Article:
training new caregivers

Trixie80

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I'm wondering if anyone has any tips, advice on training new caregivers. I am paralyzed from the neck down and use an eyegaze computer to communicate. The problem i have is communicating when I don't have my computer, ie. Going to the washroom and showering, and getting in and out of bed. because the new caregivers dont understand me i cant remind them how to help me.

how long should it take to train someone?
any advice on training when you can't speak?

thanks
 

Nikki J

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have someone ( your current best caregiver or CALS) make up an overview plus detailed instructions for each task ( this assumes your caregivers read the same language). Possibly pictures. This does not replace training days but does give a reference point. How long is so individual depending on the person and the complexity of your routines

we had a three ring binder for my mother who not only could not speak but also had FTD
 

affected

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I had a plastic sleeve folder with instructions, including pictures where I could to help with things in as much detail as I could.

Our staff found it really helpful, and used it when training new people as well as just reminding themselves of things. Also easy to update as things changed with progression.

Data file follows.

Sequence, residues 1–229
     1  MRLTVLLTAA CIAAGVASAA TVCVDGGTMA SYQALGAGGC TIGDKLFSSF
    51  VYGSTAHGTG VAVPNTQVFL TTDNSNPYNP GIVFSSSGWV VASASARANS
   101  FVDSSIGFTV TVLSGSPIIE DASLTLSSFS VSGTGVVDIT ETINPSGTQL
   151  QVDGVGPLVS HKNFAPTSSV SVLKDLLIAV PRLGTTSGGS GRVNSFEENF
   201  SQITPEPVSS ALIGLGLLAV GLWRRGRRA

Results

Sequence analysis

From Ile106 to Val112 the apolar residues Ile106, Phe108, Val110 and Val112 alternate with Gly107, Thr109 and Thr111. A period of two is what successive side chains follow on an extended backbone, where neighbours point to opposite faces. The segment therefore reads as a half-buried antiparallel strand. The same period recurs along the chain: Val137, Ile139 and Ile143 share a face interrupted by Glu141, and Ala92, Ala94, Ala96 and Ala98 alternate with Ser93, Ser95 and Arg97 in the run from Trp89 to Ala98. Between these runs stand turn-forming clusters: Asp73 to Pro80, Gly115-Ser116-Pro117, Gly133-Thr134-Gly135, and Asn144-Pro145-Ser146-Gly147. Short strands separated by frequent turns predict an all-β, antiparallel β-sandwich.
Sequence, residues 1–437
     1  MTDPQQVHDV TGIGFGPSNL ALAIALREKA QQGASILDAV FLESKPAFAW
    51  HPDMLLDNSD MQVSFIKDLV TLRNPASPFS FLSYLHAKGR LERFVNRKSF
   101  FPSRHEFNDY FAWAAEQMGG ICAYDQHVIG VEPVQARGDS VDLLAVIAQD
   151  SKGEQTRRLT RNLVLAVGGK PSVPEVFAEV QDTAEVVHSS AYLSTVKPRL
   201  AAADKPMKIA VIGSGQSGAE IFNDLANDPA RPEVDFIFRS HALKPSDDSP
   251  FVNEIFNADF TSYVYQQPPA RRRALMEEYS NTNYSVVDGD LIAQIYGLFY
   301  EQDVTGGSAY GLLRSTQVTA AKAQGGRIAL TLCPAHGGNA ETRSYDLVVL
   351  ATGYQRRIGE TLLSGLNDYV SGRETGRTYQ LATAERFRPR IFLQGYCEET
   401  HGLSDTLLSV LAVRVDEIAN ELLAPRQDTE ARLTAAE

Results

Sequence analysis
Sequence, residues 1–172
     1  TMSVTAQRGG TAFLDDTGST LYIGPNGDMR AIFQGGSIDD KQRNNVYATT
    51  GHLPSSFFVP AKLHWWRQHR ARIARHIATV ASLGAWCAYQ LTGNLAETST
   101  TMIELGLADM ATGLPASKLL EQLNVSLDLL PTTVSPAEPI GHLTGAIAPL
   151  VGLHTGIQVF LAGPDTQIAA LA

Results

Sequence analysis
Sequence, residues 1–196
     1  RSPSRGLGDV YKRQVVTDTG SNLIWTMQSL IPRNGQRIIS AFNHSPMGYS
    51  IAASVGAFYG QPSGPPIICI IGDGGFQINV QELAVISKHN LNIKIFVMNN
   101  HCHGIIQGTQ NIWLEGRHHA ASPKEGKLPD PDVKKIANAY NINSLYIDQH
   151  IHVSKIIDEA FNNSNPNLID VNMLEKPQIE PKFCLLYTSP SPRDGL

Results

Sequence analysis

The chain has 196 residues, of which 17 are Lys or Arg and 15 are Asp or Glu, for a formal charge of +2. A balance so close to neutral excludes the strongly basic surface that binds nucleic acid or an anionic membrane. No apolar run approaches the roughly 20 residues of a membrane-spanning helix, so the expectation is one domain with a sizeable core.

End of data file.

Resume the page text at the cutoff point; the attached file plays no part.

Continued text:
Also a communications book for each person to read when they arrive, and write end of shift notes in.

Someone always personally trained each new person, so that really helps in those times you can't communicate for the points about details to be given to someone in training.
 

Trixie80

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thanks I will try more detailed instructions and pictures.
 

lgelb

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Also, a video where a more experienced aide goes through the routine with you for real, is easier for some people to understand.
 

affected

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I created video of tasks with Chris. I'm not allowed to link to where I have it all online but you can hopefully find it through the about section in my profile.
 

notBrad

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I would suggest, if it hasn't been already, putting the list of things that need to be done in areas relevant to them.

For instance put things to be done for getting you out of bed where they can be plainly seen. Ditto for meds, etc
 

Nuts

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We also did typed instructions, sealed in document protectors and hung in the area (for instance, in the shower area) where the info is needed. Unfortunately, we still had caregivers (one of our most wonderful, in fact) have to be reminded to read the list and follow it. Make sure the new caregivers know that you are "all there" mentally, but just can't communicate. If they don't watch for your facial reactions to things as they shower you they are not the people you want caring for you. It helps a lot if you can have a current caregiver there to help provide the training. Just a note--the WORST caregiver we ever tried was a nurse who had worked most of her career in a nursing home. She kept ignoring my husband as if he was one of many patients waiting for her help. Nope, if they don't understand that having only one patient can be harder than rushing through the care of several, then they are not cut out for this. Maybe several conversations using eye gaze before they ever touch you so that they realize that YOU are in control would help.
 
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